GlaxoSmithKline (GSK) has sought to draw a line under the reputation for data distortion that has plagued the company since its tangles with regulators and the media over the antidepressant Seroxat/Paxil (paroxetine) by announcing a clutch of initiatives to enhance the transparency of its clinical research.

The measures are disclosed in GSK’s latest annual Corporate Responsibility Report, which recognises the company’s “unique and privileged” position. “Continually strengthening our contract with society is vitally important, and this is why we are fully committed to operating to the highest ethical standards,” commented chief executive officer (CEO) Andrew Witty.

According to GSK, it has already taken “substantive steps to be transparent with its clinical research and interaction with health professionals”, including the Clinical Study Register originally launched by the company in 2004 and revised in 2008. To date, though, the register has not included data reviews such as meta-analyses.

An analysis of pooled clinical data from nine paediatric studies with Seroxat was at the heart of GSK’s row with the Medicines and Health products Regulatory Agency (MHRA) in the UK. The agency accused the company of sitting on data from clinical trials that pointed to an increased risk of suicidal behaviour in patients under 18 years of age given Seroxat.

With effect from January 2009, the Clinical Study Register will include all analyses of multiple clinical trials (i.e., meta-analyses), observational studies that use patient data from real-world settings and clinical data from research programmes that have been terminated in development.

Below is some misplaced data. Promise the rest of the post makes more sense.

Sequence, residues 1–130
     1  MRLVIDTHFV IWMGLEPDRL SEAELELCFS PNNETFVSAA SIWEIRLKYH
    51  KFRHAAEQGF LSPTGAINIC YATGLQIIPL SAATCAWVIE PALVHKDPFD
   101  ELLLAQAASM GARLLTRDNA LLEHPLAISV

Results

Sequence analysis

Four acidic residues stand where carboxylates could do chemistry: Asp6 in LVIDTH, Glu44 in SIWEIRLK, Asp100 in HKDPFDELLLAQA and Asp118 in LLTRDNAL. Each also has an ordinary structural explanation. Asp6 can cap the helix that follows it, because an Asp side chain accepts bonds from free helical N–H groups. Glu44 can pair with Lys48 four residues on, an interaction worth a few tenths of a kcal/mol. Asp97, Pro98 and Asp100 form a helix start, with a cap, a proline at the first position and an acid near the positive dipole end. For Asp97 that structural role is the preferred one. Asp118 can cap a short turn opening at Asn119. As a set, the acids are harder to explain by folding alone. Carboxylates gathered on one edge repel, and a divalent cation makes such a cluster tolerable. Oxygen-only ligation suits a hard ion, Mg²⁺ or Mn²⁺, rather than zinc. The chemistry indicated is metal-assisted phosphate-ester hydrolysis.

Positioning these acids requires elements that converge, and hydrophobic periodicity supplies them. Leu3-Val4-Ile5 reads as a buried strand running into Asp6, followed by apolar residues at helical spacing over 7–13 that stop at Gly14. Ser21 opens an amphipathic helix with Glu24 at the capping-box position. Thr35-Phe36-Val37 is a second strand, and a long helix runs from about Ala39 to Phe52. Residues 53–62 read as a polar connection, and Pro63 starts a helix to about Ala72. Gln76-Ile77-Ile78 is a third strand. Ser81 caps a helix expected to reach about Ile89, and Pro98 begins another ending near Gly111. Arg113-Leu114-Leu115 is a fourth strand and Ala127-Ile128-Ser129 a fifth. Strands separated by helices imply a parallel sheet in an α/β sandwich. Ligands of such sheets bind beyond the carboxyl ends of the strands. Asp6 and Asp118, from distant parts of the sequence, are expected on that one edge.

GSK has also committed to submitting clinical study results as manuscripts for publication in peer-reviewed journals “wherever possible”. For studies that are not published, the company will provide “context and interpretation” in the Clinical Study Register to supplement the results summary, the Corporate Responsibility Report notes.

Other newly announced transparency initiatives are:

- For GSK-sponsored clinical trials starting from January 2009, the names of participating investigators and the institutions they work for will be included in the protocol information posted to the Clinical Study Register.
- For clinical trials starting from 2010, GSK will publicly report payments to US healthcare professionals and/or the institutions for conducting the study. This measure will subsequently extend to payments for other types of research and to healthcare professionals and institutions outside the US.
- The company will also report advisory fees paid to healthcare professionals in Europe. This is in addition to GSK’s previously announced commitment to publish, with effect from 2009, a report on speaking and consulting fees paid to US healthcare professionals.

The MHRA’s case against GSK over alleged data-hoarding with Seroxat fell down because, under the prevailing legislation (the investigation was launched in October 2003), it did not offer any realistic prospect of a conviction. However, GSK was strongly and publicly rebuked by MHRA CEO Professor Kent Woods over its failure to report the paediatric findings more promptly.

In August 2004, moreoever, the company paid New York state in the US $2.5 million to settle claims by then New York Attorney General Eliot Spitzer that the company had concealed important information about the safety and efficacy of Paxil in children and adolescents.

Recently Pfizer announced that, starting next year, it would disclose payments not only to healthcare professionals and major institutions conducting clinical trials, but also to all principal investigators for those trials. “This makes Pfizer the first biopharmaceutical company to commit to reporting payments for conducting Phase I-IV clinical trials in addition to disclosing payments for speaking and consulting,” the company stated.